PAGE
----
Disclaimer: This post contains a very old attempt at shoemaking, during the very beginning of my journey. I really didn’t know what I was doing at this time, and the post is left online for archive purposes only. Please do not “learn” anything from it, as the post is certainly riddled with mistakes. It’s just a documentation on some of my thoughts as a beginner in this venture. For a more updated view of my shoemaking, please see my latest posts instead.
The shoes are crafted with seven different kinds of vegetable tanned leather (of which one is latigo tanned), as listed below. In these images, the shoes have been polished only with Renovateur medaille d’or, and some pate de lux in neutral.
Construction: handmade with hand-held tools, English welted
Last: Vintage mystery lasts from german ebay, heavily adjusted.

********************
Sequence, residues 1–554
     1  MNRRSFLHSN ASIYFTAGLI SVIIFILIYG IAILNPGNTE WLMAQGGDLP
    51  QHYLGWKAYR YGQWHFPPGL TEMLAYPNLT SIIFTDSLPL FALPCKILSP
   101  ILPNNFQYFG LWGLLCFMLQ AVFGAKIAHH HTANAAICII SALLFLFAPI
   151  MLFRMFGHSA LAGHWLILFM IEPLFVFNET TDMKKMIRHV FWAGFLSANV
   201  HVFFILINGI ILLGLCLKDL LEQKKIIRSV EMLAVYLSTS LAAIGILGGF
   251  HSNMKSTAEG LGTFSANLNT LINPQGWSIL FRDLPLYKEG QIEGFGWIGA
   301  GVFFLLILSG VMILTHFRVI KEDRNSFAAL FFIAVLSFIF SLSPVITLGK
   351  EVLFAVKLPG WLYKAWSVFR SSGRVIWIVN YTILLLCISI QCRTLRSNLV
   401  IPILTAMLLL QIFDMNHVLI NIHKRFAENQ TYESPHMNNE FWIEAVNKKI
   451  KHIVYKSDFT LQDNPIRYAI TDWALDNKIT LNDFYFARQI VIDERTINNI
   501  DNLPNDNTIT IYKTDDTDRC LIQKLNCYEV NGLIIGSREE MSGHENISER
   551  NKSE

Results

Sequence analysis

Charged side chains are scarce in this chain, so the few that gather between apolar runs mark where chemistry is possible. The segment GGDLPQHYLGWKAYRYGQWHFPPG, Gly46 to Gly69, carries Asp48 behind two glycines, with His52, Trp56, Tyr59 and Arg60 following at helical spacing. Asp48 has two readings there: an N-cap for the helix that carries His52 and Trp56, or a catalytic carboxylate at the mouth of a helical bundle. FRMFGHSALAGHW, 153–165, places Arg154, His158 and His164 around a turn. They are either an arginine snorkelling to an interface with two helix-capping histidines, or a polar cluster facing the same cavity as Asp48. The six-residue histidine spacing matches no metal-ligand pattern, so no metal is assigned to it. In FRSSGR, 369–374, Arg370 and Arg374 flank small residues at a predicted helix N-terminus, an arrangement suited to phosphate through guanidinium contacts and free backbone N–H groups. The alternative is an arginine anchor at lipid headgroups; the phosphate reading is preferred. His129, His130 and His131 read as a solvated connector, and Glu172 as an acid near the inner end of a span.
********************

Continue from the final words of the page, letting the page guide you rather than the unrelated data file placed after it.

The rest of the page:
Uppers: 4 oz vegetable tanned calf side
Lining: 2 oz vegetable tanned baby calf
Insoles: 12-13 oz vegetable tanned calf butt
Insoles (sock liner): 4 oz vegetable tanned calf side
Outsoles: 9 Iron J. Rendenbach
Toe/heel stiffeners: 5 oz latigo tanned calf shoulder
Rand/welt combo piece: 5 oz vegetable tanned shoulder
Heel lifts: 9 oz vegetable tanned shoulder
Top lifts: vegetable tanned (1/4 rubber) J. Rendenbach
The 5 oz pure veg tanned leather used for the welt was much easier to finish nicely.
My second attempt at a fiddleback waist:
The color behaves very differently in different lighting.
On the feet of the recipient in the evening sun:
And here Gefle is worn in the shadow, next to me wearing Ericsberg. (It’s obvious which one of us is the evil brother.)
There are still many areas to perfect, of course, but there are also improvements with every pair. A part of my life walked away tonight, as my elder brother took Gefle home.